When you look at your pie chart of caloric intake, does protein dwarf the fat and carbohydrate portions of the chart?
In general, it's difficult to eat a lot of protein without eating a lot of fat that is part of the meat cut, or the cheese, and that adds up to calories. Otherwise, long term, the dangers that have been hypothesized mainly have to do with kidney function, I think. In which case, if that's your life-diet, it's something you can discuss with your doctor (who may mention kidney function).
As far as your weight loss goes, it's calories that determine that. When you eat plenty of protein, it tends to be satiating (satisfies appetite, at least temporarily). As long as you're watching your calories, you should be OK. But, then, you'd be the best source of information about the effects, because you're the person who's monitoring your own weight loss.
Excess protein intake will not harm you but you may experience changes in your body and other symptoms like that since your body is usually not accustomed to excess protein intake and it would most likely adapt to the new diet. If the excess intake in not permanent then I think you will not have any problem with it.
Thank You, I did not look at the fat, I am having more fat than protein, and way more carbs than both. I am changing my diet to try and eat less, but as a very big meat eater I have to have something on the side and I am not sure what will be the best, any ideas?
Meat really loads on the fat grams (which are not necessarily visible -all you can do is trim the meat and yet there are still lots of fat grams in the meat) but skinless boneless chicken breast is a good option if you just want protein. Egg contains fat as well, which is why people who watch calories gravitate to egg whites (Egg Beaters, for example, is made up of egg whites, mainly).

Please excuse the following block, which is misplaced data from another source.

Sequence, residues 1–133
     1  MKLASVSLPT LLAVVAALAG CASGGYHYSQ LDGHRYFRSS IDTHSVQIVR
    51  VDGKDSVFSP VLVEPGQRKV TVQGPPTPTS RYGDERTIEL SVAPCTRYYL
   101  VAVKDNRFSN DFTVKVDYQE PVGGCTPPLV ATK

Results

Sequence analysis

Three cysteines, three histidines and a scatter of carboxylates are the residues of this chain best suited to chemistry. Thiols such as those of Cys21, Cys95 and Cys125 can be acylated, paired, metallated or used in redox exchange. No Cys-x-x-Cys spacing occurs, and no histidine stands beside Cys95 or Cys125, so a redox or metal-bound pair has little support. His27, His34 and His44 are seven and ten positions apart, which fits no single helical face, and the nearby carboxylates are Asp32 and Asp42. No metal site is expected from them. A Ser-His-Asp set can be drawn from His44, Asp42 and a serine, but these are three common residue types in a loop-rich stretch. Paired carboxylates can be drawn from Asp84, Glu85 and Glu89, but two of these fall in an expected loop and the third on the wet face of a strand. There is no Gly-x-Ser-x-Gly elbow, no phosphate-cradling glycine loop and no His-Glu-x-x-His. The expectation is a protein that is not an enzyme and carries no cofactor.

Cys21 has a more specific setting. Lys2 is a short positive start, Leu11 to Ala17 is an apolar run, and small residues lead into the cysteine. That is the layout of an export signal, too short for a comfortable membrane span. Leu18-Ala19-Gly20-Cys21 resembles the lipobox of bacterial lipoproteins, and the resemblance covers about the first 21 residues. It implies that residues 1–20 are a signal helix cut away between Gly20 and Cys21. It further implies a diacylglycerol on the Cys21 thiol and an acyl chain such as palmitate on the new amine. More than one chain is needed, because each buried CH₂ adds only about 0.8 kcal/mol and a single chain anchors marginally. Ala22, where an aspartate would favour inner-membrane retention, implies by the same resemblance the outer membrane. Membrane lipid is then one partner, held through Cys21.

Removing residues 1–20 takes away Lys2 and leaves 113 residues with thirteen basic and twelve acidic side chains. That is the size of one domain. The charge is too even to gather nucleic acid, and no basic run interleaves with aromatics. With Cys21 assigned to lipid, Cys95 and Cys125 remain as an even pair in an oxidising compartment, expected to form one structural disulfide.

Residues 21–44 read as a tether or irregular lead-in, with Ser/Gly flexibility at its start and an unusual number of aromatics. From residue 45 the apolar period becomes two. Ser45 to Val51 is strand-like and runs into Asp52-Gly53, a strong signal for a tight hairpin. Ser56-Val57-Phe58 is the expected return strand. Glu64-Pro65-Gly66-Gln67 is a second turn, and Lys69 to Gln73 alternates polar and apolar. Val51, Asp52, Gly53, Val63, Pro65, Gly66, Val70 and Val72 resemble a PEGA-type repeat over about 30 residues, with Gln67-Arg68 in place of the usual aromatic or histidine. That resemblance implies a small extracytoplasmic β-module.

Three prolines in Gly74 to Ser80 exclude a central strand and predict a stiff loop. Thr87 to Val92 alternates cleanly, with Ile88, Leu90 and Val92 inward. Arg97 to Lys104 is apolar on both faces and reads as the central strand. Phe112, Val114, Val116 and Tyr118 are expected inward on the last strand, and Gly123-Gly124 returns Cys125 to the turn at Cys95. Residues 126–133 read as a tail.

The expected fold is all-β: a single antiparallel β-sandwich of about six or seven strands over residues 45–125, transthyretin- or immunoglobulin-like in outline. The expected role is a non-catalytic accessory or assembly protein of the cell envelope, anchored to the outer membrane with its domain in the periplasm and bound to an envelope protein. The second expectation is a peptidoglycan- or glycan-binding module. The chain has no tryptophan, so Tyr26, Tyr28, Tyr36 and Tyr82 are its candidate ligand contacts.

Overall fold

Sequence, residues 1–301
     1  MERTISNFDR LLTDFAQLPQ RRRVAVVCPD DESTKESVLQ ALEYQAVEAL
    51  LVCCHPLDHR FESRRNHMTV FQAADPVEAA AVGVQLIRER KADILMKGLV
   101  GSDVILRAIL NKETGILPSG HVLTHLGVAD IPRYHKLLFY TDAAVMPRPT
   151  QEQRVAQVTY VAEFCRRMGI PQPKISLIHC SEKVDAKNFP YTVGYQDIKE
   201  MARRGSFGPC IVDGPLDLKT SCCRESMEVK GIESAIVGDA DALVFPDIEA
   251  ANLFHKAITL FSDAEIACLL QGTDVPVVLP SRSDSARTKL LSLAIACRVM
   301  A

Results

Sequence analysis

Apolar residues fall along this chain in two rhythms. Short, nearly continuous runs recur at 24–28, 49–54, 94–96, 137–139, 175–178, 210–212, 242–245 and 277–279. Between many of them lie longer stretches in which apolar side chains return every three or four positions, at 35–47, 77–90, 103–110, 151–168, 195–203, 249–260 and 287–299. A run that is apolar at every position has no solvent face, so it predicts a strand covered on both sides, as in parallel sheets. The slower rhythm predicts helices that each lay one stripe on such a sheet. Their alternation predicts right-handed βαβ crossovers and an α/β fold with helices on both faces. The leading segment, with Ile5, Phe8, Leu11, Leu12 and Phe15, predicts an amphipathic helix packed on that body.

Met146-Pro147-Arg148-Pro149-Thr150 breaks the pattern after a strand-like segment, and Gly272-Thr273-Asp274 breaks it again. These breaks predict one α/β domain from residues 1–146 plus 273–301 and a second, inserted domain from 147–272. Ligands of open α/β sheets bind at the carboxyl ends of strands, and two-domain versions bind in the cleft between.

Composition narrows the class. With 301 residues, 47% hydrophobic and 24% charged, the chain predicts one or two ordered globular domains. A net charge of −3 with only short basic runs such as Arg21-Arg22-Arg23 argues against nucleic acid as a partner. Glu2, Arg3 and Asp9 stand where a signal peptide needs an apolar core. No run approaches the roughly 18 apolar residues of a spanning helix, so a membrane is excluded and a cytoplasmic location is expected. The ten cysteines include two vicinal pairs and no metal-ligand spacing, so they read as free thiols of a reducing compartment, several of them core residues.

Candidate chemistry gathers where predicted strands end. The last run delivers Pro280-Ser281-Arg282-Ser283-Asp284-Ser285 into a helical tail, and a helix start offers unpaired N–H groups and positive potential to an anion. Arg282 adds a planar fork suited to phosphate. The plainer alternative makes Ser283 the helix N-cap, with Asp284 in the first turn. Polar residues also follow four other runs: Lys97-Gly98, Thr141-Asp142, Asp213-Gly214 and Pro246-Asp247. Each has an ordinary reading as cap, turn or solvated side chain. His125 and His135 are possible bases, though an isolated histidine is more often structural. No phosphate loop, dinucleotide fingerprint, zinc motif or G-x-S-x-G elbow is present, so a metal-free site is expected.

Vegetables will give you carbs, but they also give you fiber and good nutrition. If you are eating a lot of bread and grains, that inflates your carbs, too. And, unfortunately, fat may be contained in the bread, too, along with other things. High fiber crackers give you more fiber and less fat, usually with lots less calories.
If you've ever looked at your pie chart of carbs/fat/protein and seen them balanced pretty evenly, make a note of what you were eating that day from your food log and keep that as a guide.
The chart is based on the RDA (recommended dietary allowance). I personally disagree with the RDA's chart. I think it is outdated and biased because of the government agencies that set those recommendations.
Everyone is different so what works for some may not work for others.
This is my chart so far for today. I have used 436 calories and the chart says I am at 100% of my protein intake for today. I disagree since I am only at 46 grams of protein. I will take in twice that or more by the end of the day while keeping my macro's about the same as what they are now. That is ideal for me because I feel and look much healthier eating higher protein/fat, lower carbs.
780 results will come up but you can scan the results to find what is the most relevant and/or the most readable. Some results have free pdfs which will show the text produced by a study in its entirety. These include all the references, which are really useful for understanding why people even study high protein intake and kidney function.
If you look to the right of the abstract you are reading, you will see a smattering of 'related citations' and if you follow these, you will find interesting things directly related to some aspect of your search. You can save what you find in 'collections,' which are basically numbered labeled folders.
When I read a blog that declares some provocative statement from a 'recent study,' I always look up the study on NCBI. It's usually very interesting and sometimes I take away an entirely different impression from what was stated by the blogger. If there's a PDF available (free), I give that a look if it seems worth investigating.
For example, the free PMC article attached to 'Effect of a High-Protein Kidney Function in Healthy Adults: Results from the Omniheart Trial,' which is the sixth result of the 780, has the text and references to get you started.
If you sign up for NCBI use, which is free, they will send - to your e-mail - all the results of your search argument (see above) every day, if you like, with no spam. If you're interested.